Indirect speech definition:
Indirect speech is when we report what someone has said, but we do not quote their exact words. Instead, we paraphrase their remarks. For example, if someone says “I’m going to the store,” we might report this as “She said that she was going to the store.”
Indirect speech is often used in everyday conversation, as it is more polite than directly quoting someone. It is also more concise, as we can often omit unnecessary details when paraphrasing.
There are a few different ways to structure indirect speech. The word “said,” a pronoun, and the verb “that” are the most frequently used constructions. “She said she was going to the store,” for instance.” Indirect communication also frequently employs the verbs “explained,” “told,” and “asked.”
We would also utilize indirect speech to report questions. For example, if someone asks “Where is the saloon?” we might report this as “She asked where the saloon was.”
Indirect speech is difficult to use properly, there are many different rules to recognize. However, with a little practice, it will become second type.
- The actual words of the speaker are transformed.
- Said or written in a simple language.
John said I am studying Direct speech
John said that he was studying. Indirect speech
Comparison of the direct and indirect statements.
- John said, ‘I frequently come here
- John said (that) he frequently came here
1) The pronoun has changed to indicate the person who spoke (I→he).
2) The verb of the original sentence has changed its tense (Come→came).
3) The two parts (reporting verb and reported sentence) can be connected with ‘that’ or without ‘that’.
Note that if the reporting verb is in the present, there is no tense change.
- What is John saying?
- He is saying (that) he frequently comes here.
The most common reporting verbs for statements are ‘say’, ‘tell’, and ‘explain’.
be careful that with ‘say’ and ‘explain’, you have a choice to describe the person or not. If you mention the person, utilize the preposition ‘to’.
- He said (to her), They explained (to us)…
With ‘tell’, you should specify the person:
He told her ,,,,, they told us,,,,,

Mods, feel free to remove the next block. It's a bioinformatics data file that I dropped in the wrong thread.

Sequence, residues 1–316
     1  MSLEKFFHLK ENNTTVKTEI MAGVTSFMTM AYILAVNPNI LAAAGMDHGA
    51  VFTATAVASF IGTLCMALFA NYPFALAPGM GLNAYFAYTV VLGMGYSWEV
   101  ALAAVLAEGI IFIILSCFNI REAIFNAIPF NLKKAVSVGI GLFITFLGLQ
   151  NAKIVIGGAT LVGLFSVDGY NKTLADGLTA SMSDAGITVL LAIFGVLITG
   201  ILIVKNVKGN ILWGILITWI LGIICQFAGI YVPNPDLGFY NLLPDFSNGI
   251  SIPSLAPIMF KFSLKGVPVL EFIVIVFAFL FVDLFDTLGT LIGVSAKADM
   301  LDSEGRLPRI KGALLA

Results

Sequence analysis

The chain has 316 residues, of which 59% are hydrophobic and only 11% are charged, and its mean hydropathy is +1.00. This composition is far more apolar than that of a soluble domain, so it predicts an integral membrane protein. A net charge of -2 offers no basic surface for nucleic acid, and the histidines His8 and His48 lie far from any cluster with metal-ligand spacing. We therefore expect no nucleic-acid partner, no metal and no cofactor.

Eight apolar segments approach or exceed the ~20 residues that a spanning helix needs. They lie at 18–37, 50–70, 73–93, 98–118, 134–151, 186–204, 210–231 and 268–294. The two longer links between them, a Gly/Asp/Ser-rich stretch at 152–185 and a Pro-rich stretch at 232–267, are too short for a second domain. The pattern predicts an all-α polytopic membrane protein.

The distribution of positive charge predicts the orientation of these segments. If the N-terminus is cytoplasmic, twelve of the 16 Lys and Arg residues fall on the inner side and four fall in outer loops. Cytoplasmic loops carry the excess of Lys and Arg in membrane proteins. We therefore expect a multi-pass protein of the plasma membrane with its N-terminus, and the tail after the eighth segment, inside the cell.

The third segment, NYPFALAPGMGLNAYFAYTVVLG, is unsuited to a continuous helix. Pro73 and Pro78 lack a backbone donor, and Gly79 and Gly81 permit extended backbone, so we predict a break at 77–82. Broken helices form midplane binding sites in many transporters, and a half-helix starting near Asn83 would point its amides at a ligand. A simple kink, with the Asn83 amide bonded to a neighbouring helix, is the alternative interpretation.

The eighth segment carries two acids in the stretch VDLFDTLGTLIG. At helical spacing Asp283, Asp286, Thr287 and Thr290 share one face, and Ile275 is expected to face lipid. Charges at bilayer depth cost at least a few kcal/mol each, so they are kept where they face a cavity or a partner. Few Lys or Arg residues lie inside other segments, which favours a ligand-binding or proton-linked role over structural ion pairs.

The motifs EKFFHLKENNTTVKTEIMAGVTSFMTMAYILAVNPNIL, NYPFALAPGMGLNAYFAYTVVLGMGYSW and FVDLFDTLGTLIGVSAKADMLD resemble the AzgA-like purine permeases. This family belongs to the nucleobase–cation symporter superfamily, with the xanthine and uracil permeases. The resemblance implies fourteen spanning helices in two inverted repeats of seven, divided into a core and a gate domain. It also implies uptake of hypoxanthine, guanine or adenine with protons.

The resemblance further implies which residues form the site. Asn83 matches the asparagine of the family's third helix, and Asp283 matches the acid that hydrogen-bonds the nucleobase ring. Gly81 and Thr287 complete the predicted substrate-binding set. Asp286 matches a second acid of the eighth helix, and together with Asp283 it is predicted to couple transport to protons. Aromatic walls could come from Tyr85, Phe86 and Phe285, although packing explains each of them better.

The tense of the actual sentence changes as follows:
the verb ‘to be’ and model verbs
Am/is → was Might → might (no change)
are→were could → could (no change) or
had been able to
Can→ could Shall → should
must→ must (no changes) or had to should → should (no change)
may→ might ought to → ought to (no change)
The tense of the original sentence changes as follows:
Used to → Used to (no change)
am/is/are going to do →was /were going to do
Time marker that changes:
Time markers sometimes need to change, to keep the sense of the sentence:
- She said: ‘I’ll (will) call you tomorrow‘.
she said she’d (would) call me the next day / the following day.
- John told her ‘I handed in the report yesterday.’
John told her he had handed in the report the day before.
- He told him we were coming back the following week.
He told him we were coming back the following week.
- she said ‘we did not visit Portugal last year’.
she said they hadn’t visited Portugal the year before.
- They said: ‘We must leave now’.
They said they had to leave then/immediately.
In other words that change.
- ‘this’ and ‘these’ change to ‘that’ and ‘those’:
- She said ‘This is the last bus.’
She said that was the last bus.
- They told us: ‘We’ve chosen these books,’
They told us they’d chosen those books.
2. ‘Here’ changes to ‘there'(if the location has changed).
- We’ve been living here for ten years.
They said they’d been living there for ten years.
3. ‘would like’ change to ‘want’
Remember that ‘I’d like to’ is a formal equivalent of ‘I want’, used only in the present tense. To report a sentence with this statement, utilize the verb ‘want’:
- She said: ‘I’d like to be a physician,’
She said she wanted to be a physician.
- He said: ‘I’d like some rice, please.’
He said he wanted some rice.